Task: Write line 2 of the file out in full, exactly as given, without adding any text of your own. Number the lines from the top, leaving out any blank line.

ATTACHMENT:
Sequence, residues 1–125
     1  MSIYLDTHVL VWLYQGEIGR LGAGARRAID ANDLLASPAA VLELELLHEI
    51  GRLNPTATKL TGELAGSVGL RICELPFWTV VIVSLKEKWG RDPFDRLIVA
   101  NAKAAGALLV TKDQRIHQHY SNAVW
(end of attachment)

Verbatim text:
     1  MSIYLDTHVL VWLYQGEIGR LGAGARRAID ANDLLASPAA VLELELLHEI